The stellate ganglion block describes blockade of the cervicothoracic sympathetic chain which provides post-ganglionic sympathetic efferents to the head, neck and upper extremities. Neural blockade is typically acheived by deposition of local anesthetic between the prevertebral fascia and longus colli muscle.
Clusters of nerve cell bodies within the cervical sympathetic chain can be anatomically subdivided into the superior, middle, intermediate and inferior cervical ganglia. The stellate ganglion refers to a structure comprised of a fused inferior cervical and first thoracic ganglion. While anatomically inexact, it is common practice to refer to blockade of the cervical sympathetic trunk as a stellate ganglion block.
Indications for stellate ganglion blocks include:
- sympathetically mediated pain from the head, neck and upper extremities
- reflex sympathetic dystrophy
- herpes zoster
- Raynaud's disease
- temporal arterities
- Buerger's disease
- electrical storm 7
- three or more ventricular arrhythmias within 24 hours requiring defibrillation or overdrive pacing
- a left-sided (or bilateral) stellate ganglion block is preferred in this context 8
Contraindications are current coagulopathy, recent myocardial infarction, pathologic bradycardia, and glaucoma.
The procedure can be done by either palpating anatomical landmarks (done mainly by pain therapists) or under fluoroscopic, ultrasound or CT guidance. Using CT guidance the stellate ganglion; which comprises of lower cervical and T1 sympathetic ganglia overlying the C7 and T1 transverse process can be accurately targeted and hence a lower volume of drug needs to be delivered. Complications rates are also low as the ganglion is accurately targeted.
The choice of local anesthetic used during the procedure varies based on indicaiton and patient factors; overall bupivicaine (0.25 or 0.5%) is the most common agent. Absolute alcohol is injected to induce permanent neurolysis. Recently RF ablation is also used to cause permanent neurolysis of Stellate ganglion.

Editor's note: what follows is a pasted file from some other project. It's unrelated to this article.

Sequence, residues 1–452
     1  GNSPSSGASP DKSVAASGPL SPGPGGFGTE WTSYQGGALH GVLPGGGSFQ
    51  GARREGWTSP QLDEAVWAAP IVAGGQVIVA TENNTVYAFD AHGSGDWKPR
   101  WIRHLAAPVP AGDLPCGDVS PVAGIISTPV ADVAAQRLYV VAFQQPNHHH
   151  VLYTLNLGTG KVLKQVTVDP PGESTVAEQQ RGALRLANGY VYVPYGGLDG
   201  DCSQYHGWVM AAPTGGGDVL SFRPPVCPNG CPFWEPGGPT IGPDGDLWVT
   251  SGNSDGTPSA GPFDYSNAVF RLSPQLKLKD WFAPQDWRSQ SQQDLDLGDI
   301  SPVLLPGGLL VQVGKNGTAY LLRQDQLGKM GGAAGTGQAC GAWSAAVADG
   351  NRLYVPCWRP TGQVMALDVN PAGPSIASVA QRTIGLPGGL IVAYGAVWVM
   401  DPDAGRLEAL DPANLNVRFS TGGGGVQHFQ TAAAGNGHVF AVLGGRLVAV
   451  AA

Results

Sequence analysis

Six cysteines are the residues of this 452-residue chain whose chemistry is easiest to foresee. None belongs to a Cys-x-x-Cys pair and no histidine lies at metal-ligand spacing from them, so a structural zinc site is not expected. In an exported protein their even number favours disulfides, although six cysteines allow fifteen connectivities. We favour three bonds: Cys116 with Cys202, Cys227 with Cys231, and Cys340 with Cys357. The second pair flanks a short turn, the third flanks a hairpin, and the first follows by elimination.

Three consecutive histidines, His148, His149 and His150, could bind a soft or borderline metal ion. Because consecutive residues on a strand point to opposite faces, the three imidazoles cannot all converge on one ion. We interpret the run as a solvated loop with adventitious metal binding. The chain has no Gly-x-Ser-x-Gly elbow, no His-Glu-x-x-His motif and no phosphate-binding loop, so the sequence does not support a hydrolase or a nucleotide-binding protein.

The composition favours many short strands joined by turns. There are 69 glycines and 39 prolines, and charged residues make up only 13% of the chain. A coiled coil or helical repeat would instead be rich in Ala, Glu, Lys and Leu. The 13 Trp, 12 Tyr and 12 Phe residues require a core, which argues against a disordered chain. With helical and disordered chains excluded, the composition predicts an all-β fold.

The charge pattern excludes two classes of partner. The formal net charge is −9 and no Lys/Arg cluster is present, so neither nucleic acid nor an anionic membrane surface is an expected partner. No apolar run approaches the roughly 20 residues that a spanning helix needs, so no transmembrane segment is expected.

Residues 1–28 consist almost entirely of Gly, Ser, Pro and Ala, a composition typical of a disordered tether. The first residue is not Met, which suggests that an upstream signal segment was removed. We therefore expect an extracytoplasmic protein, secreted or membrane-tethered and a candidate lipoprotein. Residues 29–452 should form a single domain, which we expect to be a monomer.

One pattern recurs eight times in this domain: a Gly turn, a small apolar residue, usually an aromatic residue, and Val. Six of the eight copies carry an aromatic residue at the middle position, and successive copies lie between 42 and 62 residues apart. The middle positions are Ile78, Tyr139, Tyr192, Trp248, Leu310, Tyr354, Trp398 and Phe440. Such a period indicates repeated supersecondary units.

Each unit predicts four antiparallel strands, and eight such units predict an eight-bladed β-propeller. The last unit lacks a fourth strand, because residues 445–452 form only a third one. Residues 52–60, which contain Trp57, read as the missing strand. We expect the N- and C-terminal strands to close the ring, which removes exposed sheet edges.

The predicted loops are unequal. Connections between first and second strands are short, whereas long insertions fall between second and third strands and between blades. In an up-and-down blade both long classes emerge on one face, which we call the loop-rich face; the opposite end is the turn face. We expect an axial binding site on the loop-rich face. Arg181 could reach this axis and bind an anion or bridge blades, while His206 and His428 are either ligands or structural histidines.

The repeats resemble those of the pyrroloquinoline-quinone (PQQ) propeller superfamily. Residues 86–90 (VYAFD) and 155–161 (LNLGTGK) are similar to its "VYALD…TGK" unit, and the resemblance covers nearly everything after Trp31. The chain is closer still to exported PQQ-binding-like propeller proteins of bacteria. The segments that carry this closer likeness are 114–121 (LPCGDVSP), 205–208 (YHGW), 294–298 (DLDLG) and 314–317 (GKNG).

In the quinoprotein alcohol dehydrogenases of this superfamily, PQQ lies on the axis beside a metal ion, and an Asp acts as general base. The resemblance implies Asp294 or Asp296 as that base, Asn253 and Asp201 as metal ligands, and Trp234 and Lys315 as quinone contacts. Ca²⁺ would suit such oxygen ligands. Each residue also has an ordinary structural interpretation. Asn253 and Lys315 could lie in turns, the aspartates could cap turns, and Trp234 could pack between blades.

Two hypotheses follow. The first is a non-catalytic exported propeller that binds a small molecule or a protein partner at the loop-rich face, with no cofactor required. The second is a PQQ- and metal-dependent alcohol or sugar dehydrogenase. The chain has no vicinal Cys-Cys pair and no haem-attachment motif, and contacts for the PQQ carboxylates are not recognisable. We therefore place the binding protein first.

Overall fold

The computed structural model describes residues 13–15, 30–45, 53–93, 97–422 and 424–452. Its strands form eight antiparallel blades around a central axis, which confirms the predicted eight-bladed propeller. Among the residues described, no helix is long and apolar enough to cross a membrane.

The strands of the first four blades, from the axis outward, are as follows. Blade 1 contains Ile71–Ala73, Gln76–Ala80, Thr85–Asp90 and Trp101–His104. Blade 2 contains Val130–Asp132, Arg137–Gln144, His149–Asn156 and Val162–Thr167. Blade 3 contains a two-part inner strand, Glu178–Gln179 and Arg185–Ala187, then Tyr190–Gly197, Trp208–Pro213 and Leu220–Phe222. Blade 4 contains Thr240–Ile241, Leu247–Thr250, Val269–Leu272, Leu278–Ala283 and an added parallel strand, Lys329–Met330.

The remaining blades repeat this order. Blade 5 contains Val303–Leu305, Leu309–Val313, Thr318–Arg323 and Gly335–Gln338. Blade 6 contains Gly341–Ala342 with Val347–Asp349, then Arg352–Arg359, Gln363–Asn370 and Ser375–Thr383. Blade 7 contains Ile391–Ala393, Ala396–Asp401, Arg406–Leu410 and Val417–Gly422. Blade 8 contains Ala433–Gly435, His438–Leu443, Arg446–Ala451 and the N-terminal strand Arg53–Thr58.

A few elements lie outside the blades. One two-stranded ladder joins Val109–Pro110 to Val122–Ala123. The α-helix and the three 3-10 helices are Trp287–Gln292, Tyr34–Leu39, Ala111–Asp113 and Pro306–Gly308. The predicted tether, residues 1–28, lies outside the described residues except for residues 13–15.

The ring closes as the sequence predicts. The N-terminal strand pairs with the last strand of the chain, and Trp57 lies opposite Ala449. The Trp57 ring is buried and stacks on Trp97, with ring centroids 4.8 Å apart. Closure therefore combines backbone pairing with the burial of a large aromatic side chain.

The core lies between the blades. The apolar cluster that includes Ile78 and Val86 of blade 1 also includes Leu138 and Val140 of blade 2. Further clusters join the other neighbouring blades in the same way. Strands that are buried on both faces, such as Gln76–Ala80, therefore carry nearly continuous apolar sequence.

The patient may be positioned supine or in a lateral decubitus position. Sequential palpation of the laryngeal prominence, cricothyroid membrane, and cricoid cartilage are commonly identified external landmarks. The cricoid cartilage demarcates the level of C6, which has a prominent anterior tubercle on its transverse process, also known as Chassaignac's tubercle, forming a conspicuous sonographic landmark. Performing the procedure at this level is crucial to ensure the vertebral artery will be protected in the foramen transversarium; puncture below this level risks violation of this structure 8.
The ultrasound transducer is then placed slightly lateral to midline in a transverse orientation attempting to visualize the anterior tubercle of C6. The esophagus and regional vasculature should be identified to plan needle trajectory; color flow Doppler is useful for the latter. The needle should be inserted in a lateral to medial orientation, directed toward Chassaignac's tubercle. Slight redirection is then necessary to traverse the prevertebral fascia, targeting the potential space it forms with its apposition to the fascia overlying the longus colli muscle, which invests the anterior aspect of the transverse process of C6. Care should be taken to ensure injectate spreads anterior to, and circumfrentially around, the longus colli, dissecting the deep cervical fascia and carotid sheath anteriorly 10.
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